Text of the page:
• DO remain vigilant in your pursuit of a meeting or phone discussion, particularly with the staff of a grantmaking institution. These are often extremely busy people who need to be reminded several times, and may even acknowledge your persistence positively.
  • DON’T make a nuisance of yourself, hectoring the staff of a grantmaker where the mission isn’t a very good fit anyways. It is a fine line, and while it is important to push, tact is incredibly important.
  • DO engage gatekeepers and decision makers should you see them informally out in the world. They are people, just like you, and a friendly hello with a brief conversation to follow is acceptable.
  • DON’T stalk someone, follow them to the parking garage, or otherwise create an awkward scenario where you ask repeatedly for a determination on your recent grant submission. This may seem obvious, but I’ve heard some real horror stories.
  • DO accept invitations to meet informally with the staff and trustees of grantmakers, have a glass of wine (one glass only!) and engage in conversation about topics that have nothing to do with your organization. Relationships with grantmakers are not much different than other types of donors – they are people and they have lives. Be more than a walking grant proposal.
  • DON’T break anyone’s heart, or otherwise compromise your organization’s current or prospective relationship with a grantmaker. Your organization is likely to exist for a long time after you are no longer around, and job one is to leave it stronger than it was when you started.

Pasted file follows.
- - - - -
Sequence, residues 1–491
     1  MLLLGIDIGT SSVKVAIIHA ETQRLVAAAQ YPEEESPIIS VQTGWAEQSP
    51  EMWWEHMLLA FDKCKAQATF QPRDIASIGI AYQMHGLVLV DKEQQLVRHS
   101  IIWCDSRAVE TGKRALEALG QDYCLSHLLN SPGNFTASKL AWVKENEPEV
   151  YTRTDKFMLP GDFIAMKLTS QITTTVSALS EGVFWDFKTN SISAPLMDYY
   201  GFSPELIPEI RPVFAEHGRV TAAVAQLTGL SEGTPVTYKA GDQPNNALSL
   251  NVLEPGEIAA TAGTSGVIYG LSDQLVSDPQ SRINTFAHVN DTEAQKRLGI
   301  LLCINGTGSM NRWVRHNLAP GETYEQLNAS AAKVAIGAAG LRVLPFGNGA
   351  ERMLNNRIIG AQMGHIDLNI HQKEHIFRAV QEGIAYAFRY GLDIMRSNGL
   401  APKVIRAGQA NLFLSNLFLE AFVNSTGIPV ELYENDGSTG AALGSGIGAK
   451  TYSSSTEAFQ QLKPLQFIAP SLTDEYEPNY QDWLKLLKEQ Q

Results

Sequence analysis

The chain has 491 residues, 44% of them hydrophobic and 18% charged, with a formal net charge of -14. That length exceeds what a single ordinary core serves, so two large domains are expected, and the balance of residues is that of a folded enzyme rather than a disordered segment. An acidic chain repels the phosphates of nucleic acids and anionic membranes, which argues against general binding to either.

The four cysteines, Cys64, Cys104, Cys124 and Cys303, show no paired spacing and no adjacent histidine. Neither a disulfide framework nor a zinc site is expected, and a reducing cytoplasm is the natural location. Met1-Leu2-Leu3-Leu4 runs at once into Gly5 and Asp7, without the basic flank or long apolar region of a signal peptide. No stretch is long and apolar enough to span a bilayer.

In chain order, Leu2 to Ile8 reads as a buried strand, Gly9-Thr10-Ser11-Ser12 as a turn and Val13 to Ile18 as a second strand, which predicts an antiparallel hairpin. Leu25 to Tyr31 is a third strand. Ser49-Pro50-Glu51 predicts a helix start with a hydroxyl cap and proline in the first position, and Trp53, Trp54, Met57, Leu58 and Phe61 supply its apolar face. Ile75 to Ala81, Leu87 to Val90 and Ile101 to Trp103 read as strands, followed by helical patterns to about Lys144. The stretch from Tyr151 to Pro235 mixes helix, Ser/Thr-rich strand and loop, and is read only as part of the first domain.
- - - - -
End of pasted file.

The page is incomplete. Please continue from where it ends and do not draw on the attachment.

At some point, I’ll share my tips for sitting shiva with the trustees of your other most important foundation grantmaker. But for now, please check out #GrantChat on Twitter at Noon EST on Tuesday April 29, when I will serve as guest for a lively discussion of this very topic of grantmaker cultivation!

Prospecting: Step One to Stronger Grant Submissions

The lure of grantsmanship is the intoxicating concept that your nonprofit can secure outsized investment by simply applying for it. Too many think of it like submitting a credit card application; based solely on the merits of your organization’s mission and impact, the grantmaking source will prioritize your project and reward it with a big check with many zeroes.